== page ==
The “Circuit” is the colloquial and often misused term for the international network of specialist VIP and executive protection individuals, usually relative to hostile environments and the more “risky” commercial theaters. It’s early days was very much former UK special forces, officers and select UK police units but since the US-led invasion into Iraq it has grown to encompass numerous nationalities, inclusive of US servicemen/police personnel also. These days, it is so over-used there are so many former military/police personnel claiming to be part of it, that is used by nearly everyone that has or wants to work in places like Iraq, Afghanistan, Libya and Syria. Strangely enough, most buyers or clients have never heard of it. The Circuit was in part what contributed to the now well-known rise of Private Military Forces/Companies that have been actively engaged in numerous campaigns and theaters around the world, ranging from anti-piracy operations off the Horn of Africa up to and including post-war reconstruction in both Iraq and Afghanistan. It also contributed to the surge in security personnel escorting media teams into and around conflict areas.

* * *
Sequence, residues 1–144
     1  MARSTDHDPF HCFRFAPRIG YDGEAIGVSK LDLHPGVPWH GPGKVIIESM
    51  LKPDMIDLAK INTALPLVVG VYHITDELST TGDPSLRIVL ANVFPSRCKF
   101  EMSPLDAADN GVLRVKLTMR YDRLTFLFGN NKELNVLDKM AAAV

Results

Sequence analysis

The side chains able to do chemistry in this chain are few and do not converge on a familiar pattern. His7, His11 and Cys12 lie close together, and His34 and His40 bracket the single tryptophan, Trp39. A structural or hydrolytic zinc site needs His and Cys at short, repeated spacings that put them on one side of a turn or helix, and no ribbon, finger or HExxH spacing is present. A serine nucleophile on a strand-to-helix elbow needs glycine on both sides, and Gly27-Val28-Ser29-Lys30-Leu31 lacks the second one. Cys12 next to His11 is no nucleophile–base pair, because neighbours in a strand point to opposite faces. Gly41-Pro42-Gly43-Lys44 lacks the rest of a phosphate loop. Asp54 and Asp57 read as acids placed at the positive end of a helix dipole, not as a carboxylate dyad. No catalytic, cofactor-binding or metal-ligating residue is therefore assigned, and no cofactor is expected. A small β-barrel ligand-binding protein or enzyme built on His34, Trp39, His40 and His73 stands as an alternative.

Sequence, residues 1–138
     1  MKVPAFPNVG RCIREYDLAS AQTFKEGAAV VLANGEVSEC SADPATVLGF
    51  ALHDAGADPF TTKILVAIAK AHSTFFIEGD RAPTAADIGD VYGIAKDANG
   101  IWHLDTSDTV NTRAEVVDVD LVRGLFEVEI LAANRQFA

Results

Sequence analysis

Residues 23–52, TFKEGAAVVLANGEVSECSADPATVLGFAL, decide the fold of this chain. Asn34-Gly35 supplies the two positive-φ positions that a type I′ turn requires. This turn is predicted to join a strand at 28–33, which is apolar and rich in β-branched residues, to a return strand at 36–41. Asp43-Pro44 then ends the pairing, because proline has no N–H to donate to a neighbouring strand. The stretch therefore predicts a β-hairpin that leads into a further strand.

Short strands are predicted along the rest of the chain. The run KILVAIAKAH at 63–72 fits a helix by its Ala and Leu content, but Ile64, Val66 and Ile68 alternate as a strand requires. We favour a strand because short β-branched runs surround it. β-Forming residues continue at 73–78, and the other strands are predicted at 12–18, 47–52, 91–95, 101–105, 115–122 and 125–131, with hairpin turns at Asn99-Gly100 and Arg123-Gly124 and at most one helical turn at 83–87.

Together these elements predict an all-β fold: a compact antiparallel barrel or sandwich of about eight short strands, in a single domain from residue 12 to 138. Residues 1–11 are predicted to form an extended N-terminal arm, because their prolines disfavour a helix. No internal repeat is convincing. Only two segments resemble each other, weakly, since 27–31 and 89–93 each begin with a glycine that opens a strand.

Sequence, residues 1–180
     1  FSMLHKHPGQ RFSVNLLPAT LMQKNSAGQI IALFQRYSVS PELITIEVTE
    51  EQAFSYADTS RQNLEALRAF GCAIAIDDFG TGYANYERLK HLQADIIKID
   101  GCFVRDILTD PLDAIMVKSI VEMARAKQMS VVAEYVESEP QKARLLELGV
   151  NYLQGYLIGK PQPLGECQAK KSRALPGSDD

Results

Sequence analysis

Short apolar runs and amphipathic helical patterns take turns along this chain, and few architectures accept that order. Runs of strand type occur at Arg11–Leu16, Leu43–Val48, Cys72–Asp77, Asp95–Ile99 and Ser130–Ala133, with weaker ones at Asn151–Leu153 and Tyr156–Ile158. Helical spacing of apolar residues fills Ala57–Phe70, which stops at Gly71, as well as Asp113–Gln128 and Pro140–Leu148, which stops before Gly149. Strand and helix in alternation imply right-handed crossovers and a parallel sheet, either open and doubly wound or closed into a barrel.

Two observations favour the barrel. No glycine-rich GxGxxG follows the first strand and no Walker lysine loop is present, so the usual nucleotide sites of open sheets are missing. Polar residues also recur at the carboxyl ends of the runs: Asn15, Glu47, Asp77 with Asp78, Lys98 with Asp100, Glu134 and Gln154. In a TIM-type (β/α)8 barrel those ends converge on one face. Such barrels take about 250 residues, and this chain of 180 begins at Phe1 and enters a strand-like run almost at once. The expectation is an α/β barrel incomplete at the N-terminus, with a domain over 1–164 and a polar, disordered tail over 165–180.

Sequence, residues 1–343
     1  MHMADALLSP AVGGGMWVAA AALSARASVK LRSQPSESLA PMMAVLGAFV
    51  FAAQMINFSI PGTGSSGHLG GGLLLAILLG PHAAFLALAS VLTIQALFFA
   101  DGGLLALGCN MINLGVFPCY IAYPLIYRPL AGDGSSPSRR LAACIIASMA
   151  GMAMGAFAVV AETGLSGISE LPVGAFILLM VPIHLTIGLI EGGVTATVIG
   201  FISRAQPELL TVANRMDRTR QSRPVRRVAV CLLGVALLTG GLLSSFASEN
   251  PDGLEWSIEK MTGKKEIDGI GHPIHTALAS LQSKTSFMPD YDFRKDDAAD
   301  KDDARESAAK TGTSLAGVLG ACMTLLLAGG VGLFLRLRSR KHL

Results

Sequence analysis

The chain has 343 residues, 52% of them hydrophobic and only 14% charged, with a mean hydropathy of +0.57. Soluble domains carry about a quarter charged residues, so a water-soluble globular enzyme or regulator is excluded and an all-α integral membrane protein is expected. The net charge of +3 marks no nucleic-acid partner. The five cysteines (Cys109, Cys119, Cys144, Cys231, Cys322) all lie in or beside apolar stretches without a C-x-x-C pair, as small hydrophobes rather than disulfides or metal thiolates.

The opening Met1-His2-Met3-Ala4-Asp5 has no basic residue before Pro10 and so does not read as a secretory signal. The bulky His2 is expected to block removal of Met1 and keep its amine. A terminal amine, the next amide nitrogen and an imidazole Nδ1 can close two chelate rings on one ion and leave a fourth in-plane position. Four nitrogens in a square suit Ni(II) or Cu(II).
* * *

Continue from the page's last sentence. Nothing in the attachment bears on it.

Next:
I have worked on The Circuit as an “operator”, recruited personnel from The Circuit and managed personnel and contracts in support of The Circuit’s business model in hostile environments, on and off for the past 13 years. I have worked as a sub-contractor, corporate manager and commercial provider at senior and executive levels, justifying, in my opinion, the insights to comment on this subject.